It often occurred to me how ridiculous I looked, a 54-year-old teacher with osteoporosis lugging a rolling cart through halls teeming with students, toward yet another classroom with a polite but irritated home teacher whose room layout was incompatible and unfamiliar to my teaching style.

But I plowed on, and the year finally ended on what I felt was at least a competent note. All that summer, I planned the following school year to be a real classroom teacher. I would have a library with consignment books and a reading area. I would play classical music in low dulcet tones. Aromatherapy would waft even the most delinquent student into studious submission. When floaters drifted into my room during planning, I vowed to give them space, not grief.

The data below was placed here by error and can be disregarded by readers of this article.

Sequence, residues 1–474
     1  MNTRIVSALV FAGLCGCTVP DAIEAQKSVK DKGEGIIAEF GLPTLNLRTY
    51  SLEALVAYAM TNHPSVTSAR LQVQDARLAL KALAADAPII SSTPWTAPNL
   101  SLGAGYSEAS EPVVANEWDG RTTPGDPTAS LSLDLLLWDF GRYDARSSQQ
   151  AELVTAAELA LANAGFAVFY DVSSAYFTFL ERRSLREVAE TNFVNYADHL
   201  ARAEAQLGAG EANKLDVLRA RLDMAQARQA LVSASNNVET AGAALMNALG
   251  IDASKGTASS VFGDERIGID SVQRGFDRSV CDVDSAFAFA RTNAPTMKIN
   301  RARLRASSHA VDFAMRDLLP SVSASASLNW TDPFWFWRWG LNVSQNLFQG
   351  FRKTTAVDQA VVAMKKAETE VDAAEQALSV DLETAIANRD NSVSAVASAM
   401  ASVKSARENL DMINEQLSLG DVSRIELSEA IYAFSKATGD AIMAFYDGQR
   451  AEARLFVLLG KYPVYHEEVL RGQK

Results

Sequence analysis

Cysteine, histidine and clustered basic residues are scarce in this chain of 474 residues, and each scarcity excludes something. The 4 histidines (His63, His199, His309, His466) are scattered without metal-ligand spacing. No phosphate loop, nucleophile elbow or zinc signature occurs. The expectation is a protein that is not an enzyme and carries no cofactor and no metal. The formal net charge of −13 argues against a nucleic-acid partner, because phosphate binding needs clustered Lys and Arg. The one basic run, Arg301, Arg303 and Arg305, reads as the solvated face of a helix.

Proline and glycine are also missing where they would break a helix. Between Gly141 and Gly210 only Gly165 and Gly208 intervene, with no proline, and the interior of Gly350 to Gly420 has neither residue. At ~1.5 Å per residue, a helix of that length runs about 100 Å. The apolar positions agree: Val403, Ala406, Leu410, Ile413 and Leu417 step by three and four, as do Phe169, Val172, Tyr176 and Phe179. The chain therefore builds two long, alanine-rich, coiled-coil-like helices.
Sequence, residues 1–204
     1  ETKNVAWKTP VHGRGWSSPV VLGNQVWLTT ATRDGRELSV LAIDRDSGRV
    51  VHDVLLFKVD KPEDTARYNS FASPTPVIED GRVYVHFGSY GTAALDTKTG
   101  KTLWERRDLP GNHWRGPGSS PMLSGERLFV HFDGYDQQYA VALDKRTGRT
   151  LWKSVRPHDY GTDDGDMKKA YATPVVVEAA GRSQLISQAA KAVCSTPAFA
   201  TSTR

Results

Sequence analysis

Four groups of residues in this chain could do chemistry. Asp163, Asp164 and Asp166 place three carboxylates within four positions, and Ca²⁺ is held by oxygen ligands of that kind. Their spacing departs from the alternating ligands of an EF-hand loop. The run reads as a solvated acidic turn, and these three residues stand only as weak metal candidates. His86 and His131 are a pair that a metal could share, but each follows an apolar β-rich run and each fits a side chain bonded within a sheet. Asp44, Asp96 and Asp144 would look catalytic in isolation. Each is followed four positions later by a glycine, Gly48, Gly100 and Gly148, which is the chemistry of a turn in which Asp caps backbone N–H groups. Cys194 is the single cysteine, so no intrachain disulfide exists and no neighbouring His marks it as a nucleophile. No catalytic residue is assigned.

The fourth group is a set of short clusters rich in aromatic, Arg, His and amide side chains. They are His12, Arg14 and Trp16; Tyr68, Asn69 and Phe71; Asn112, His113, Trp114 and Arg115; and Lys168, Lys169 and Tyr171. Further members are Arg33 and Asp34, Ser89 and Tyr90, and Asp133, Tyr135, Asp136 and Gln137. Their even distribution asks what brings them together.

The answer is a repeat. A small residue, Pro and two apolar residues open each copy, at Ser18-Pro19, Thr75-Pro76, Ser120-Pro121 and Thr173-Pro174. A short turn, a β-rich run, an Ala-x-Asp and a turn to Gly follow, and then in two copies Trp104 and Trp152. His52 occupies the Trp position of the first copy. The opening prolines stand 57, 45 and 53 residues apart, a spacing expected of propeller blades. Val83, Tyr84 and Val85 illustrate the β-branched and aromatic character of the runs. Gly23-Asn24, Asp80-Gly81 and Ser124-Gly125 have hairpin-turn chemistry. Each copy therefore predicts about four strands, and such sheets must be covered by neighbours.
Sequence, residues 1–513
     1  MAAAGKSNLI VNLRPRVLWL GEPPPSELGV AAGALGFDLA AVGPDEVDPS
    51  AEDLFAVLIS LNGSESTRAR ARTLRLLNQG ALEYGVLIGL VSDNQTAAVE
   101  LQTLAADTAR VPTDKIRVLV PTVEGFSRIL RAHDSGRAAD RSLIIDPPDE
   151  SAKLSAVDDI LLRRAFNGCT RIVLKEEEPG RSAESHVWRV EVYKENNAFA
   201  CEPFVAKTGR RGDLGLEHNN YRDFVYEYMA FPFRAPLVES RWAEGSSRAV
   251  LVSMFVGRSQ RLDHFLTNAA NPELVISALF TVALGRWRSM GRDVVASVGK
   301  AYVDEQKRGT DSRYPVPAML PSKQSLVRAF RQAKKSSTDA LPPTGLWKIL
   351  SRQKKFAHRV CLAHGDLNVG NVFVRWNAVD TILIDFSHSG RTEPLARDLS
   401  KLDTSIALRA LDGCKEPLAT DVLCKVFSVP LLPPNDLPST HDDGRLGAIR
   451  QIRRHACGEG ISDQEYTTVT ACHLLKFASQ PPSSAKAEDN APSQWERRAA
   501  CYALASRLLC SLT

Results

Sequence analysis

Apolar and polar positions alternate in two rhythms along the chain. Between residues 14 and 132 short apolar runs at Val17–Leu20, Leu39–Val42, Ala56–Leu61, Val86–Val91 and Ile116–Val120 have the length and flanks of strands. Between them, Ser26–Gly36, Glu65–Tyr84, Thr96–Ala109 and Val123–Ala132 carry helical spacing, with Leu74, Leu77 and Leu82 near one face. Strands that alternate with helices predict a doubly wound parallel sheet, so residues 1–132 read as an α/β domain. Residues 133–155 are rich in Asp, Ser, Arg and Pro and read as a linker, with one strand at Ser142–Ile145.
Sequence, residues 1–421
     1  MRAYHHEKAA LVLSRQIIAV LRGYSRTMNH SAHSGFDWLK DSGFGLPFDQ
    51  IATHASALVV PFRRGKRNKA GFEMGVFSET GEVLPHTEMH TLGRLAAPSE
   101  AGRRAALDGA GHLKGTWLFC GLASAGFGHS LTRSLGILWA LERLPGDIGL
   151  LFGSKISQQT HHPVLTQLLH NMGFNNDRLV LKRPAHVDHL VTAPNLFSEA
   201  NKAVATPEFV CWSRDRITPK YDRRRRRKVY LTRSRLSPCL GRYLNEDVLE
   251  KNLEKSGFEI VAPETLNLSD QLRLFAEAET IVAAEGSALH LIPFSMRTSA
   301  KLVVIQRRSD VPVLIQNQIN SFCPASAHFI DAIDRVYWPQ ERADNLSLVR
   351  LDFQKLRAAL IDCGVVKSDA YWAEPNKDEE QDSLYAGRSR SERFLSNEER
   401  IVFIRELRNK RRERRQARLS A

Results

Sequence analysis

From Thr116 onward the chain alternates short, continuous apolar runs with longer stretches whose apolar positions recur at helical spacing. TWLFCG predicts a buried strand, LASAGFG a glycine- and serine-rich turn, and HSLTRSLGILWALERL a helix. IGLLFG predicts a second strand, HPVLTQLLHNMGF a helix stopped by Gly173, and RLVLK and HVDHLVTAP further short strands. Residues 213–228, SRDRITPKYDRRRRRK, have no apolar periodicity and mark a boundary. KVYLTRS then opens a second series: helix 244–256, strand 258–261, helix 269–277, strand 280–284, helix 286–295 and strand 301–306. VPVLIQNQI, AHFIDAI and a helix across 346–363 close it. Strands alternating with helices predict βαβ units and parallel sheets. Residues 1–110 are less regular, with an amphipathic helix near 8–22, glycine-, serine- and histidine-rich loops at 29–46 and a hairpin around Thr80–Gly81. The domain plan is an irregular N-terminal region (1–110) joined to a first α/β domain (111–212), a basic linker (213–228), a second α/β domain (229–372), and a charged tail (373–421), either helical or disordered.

Alas, this school year I’m floating again. And although I feel even more displaced, having no welcoming haven, no place to lay down my books, no room to call home, I am also resigned.

Floating is not something to be endured for just a year. It is not going away. Floating teachers are not a fault in the education system; they are an organic evolution, and the wave of the future as they and their mobile carts roll into schools in the wake of a fiscal debacle. Like crabs, they scatter on the school grounds, poking into the caves of classrooms, sidling on the sidelines, searching for a site where they can stay for a time and then move on.